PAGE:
Joining USERS table with NEWS is NOT a good idea!!! What will you be searching on most? most recent news? if so make sure the DatePosted(or similar) is indexed, and anything you use in a WHERE clauses inside a big table(including temporary tables) is indexed. – Michal Ciechan Aug 4 '10 at 13:42
yes, but why is it not a good idea to join it !! I have in the table NEWS 2 cols (uId, fId) and of course other cols, and I use JOIN to get the name for each one ... !!? – Rawhi Aug 4 '10 at 13:49
so if any of these tow has changed his name I can get the current name ... you have something better !?! – Rawhi Aug 4 '10 at 13:52
yes, no data duplication ,if you ever change any name or detail for a user, you would have to iterate through every single record in the news table and change it, it is in my opinion very bad design. In all cases i have used a news table, i have only need to join about 20 records (which is very quick as UID is indexed because its the PK and an int) so therefore the join part isn't the time/cpu intensive process, normally it is the filtering of news (ordering by date, text searching etc...) – Michal Ciechan Aug 4 '10 at 15:04

According to link text and other pages Facebook uses a technique called Sharding.

It simply uses a bunch of databases with a small portion of the site on each database. A simple algorithm for deciding which database to use could be using the first letter in the username as an index for the database. One database for 'a', one for 'b', etc. I'm sure Facebook has a more advanced scheme than that, but the principle is the same.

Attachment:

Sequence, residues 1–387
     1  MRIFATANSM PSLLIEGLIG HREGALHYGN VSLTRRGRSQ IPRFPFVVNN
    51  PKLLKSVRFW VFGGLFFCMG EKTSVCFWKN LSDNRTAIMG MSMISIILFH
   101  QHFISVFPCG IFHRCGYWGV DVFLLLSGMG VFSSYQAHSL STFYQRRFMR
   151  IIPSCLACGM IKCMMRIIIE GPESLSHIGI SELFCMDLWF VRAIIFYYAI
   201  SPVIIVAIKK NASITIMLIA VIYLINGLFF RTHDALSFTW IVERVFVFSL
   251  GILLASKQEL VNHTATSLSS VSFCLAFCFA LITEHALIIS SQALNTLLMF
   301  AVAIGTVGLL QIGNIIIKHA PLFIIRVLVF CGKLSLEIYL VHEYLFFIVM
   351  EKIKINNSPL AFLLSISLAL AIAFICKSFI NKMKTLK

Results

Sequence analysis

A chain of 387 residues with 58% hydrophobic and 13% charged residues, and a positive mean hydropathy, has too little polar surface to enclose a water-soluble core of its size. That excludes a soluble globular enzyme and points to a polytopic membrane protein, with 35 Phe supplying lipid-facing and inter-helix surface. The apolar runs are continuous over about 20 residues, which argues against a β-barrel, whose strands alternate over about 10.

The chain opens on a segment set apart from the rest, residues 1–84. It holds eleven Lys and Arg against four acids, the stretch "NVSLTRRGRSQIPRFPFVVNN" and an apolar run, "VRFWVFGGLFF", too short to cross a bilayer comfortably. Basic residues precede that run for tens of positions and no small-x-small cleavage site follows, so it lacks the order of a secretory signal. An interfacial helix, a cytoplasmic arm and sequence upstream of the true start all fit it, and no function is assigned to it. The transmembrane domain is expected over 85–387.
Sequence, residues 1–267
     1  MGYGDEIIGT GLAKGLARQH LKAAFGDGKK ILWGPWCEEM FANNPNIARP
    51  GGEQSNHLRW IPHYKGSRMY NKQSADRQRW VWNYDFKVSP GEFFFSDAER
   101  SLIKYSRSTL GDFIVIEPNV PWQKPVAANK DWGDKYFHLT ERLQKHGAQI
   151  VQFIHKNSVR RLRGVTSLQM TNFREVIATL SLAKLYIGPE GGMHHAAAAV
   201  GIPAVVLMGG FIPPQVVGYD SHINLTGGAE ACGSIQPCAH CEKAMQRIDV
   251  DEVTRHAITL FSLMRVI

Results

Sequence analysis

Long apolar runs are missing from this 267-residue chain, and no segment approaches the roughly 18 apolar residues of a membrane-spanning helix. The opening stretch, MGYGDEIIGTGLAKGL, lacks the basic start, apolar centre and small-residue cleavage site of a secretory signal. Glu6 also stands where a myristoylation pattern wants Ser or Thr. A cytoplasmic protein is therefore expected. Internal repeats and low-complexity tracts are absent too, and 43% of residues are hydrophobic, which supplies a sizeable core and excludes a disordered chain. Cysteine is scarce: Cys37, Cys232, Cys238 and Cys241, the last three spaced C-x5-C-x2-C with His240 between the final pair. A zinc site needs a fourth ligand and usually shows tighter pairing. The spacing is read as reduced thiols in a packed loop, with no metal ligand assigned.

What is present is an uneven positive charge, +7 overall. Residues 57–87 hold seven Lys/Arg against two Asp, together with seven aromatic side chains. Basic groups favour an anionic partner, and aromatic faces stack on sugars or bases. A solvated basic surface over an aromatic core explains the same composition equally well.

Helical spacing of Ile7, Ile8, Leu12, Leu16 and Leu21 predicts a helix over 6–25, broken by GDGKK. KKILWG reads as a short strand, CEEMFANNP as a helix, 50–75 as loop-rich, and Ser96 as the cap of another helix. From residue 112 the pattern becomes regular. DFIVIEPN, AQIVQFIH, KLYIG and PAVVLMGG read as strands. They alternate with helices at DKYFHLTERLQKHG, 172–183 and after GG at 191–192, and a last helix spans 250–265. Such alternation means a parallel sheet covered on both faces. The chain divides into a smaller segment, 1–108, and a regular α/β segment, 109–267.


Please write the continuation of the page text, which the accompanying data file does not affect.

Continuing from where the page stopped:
The result is many small independent databases that are small enough to handle the load. Facebook and all other major sites has all sorts of similar tricks to make the sites fast and responsive.

They continuously monitor the sites for performance and other metrics and come up with solutions to the issues the find.

I think the monitoring part is more important to the performance success than the actual techniques used to gain the performance. You can not make a fast site by blindly throw some "good performance spells" at it. You have to know where and why you have bottlenecks before you can remove them.

share|improve this answer

Depends what the performance bottleneck is. One problem is often using the wrong technology for the problem, eg using a relational DB when an object DB or document store would be better, or vice versa of course.

Some people try and use the same DB for everything which is not always the answer. Sometimes it is useful to have multiple denormalizations of the same data for different purposes.

Thinking about the nature of the data and how it is written, read, queried etc is important. You can put all write-once data in one DB and optimize that db for that. Other data that is written frequently could be stored on a db optimized for that.

Distribution techniques can also assist with upscaling.

share|improve this answer

Your Answer


By posting your answer, you agree to the privacy policy and terms of service.

Not the answer you're looking for? Browse other questions tagged or ask your own question.